Don’t let diplomacy fail

Students at INTO’s London Academy of Diplomacy joint venture are often given the opportunity to hear the views of some of the UK’s leading figures in international diplomacy. Barry Tomalin reports on a major event they attended recently at the House of Commons.

“Keep talking. Never break the thread of diplomacy, no matter how bad or frustrating the negotiation.”

Such was the message delivered to UEA London Academy of Diplomacy staff and students by UK and international diplomats including former Foreign Secretary Jack Straw, and former British ambassador to the UN Lord Hannay, at the House of Commons this week.

The event was a conference on Israel/Palestine and Syria, organised by the Global Diplomatic Forum and chaired by Sky News anchor Andrew Wilson. It featured presentations from British Parliamentarians Lord Hylton, Ian Lucas, John Baron and Mike Gapes and also their Excellencies the Russian Ambassador to the UK Alexander Yakovenko; Palestinian Ambassador to the UK Professor Manuel Hassassian; former member of the Israeli Parliament (the Knesset) Dr Einat Wilf; and Anas Altikritti of the Cordoba Foundation.

Despite some scepticism about the results of the Oslo Accords between Israel and Palestine Liberation Front signed in 1993 and the likely outcome of the forthcoming Geneva 2 talks on Syria, all parties agreed on the importance of continuing dialogue.

They also agreed on the importance of the active involvement of Iran in any negotiations on Syria and the imposition of as few pre-conditions as possible, limiting the scope of discussion. Interestingly enough, some of the participants had been involved in the resolution of another seemingly intractable conflict – Northern Ireland in the 1980s – and emphasised that, despite the tensions caused by military action, both sides had never stopped talking, albeit behind the scenes.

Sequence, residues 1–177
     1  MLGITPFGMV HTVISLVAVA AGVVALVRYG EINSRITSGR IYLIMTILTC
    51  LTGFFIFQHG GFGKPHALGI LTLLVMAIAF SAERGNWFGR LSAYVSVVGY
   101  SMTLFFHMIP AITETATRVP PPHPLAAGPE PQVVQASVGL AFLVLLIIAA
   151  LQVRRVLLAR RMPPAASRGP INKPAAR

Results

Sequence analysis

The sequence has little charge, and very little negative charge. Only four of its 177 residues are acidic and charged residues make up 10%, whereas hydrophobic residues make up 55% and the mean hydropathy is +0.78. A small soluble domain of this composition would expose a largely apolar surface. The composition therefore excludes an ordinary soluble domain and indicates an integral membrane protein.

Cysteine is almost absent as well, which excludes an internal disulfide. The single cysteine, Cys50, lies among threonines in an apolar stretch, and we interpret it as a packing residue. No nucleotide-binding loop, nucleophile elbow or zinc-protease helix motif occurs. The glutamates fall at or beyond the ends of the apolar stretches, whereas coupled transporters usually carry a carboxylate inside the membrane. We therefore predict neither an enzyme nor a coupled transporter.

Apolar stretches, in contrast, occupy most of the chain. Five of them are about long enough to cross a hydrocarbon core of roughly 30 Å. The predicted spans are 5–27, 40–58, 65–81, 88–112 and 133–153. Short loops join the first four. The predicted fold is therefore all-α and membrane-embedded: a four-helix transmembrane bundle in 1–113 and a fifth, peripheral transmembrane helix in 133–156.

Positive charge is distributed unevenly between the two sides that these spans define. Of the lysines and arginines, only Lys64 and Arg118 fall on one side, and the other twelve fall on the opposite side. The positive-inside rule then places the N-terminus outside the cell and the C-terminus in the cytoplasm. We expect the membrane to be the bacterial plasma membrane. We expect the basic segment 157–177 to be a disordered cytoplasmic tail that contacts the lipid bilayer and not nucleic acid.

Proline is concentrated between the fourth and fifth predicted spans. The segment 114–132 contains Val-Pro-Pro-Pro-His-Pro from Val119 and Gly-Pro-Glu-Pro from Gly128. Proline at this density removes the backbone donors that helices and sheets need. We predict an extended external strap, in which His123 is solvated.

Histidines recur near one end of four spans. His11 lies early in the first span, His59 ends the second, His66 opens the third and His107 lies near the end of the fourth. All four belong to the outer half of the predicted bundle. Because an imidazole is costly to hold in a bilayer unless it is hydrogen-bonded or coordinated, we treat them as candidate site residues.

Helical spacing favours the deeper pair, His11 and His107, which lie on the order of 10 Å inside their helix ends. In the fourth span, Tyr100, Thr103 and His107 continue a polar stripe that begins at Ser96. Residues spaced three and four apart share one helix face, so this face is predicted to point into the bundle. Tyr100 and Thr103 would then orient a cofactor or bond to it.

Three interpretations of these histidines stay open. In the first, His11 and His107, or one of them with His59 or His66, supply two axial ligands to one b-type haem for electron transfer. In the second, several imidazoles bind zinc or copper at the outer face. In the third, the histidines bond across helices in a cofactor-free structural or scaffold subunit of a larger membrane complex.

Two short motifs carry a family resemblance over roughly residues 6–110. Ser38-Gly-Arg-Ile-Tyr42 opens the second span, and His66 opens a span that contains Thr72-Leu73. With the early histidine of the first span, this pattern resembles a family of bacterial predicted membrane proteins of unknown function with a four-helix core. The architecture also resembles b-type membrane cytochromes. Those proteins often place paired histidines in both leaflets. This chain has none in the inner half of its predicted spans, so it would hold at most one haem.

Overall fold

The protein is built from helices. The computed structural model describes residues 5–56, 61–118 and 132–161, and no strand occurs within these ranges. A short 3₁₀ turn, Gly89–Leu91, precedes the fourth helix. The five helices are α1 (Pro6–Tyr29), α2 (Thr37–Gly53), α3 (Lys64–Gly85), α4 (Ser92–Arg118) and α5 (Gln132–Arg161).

Most participants seemed to agree with Jack Straw’s assertion that there is “no political holy grail,” and with Lord Hannay’s determination that negotiations must be controlled by the UN and that the aim should be to set up regular meetings through a ‘contact group,’ composed of representatives of all sides in the conflict.

However, the urgency of the situation in Syria was highlighted by two Syrian surgeons, now resident in UK hospitals. Pointing out the resurgence of malnutrition and infectious diseases in areas like Homs, Ghouta and parts of Damascus that have been devastated by the uprising, they referred to food deprivation, the virtual disappearance of basic commodities like flour and sugar and most heartbreaking of all, the recent religious fatwa issued to permit people to cook and eat cats and dogs in order to survive – food normally considered unclean by the Muslim religion.

The possibility of a ’humanitarian corridor’ was raised to allow essential food supplies in, but as the diplomats explained, “no structure was in place to do it.” Talking may be the long term answer, but it in the opinion of the meeting it seemed unlikely to resolve individual suffering in either the Palestinian/Israeli or Syrian conflicts any time soon.

Posted By Barry Tomalin MA and Dr Deborah Swallow PhD, lecturers at the London Academy of Diplomacy, UEA.

Barry Tomalin

Author: Barry Tomalin

Barry Tomalin MA is visiting lecturer in ‘International Communication’ and ’Cultural Awareness’ at the University of East Anglia, London Academy of Diplomacy and author with Brian Hurn of ‘Cross-Cultural Communication, Theory and Practice,' Palgrave Macmillan 2013.

Leave a Reply

Your email address will not be published. Required fields are marked *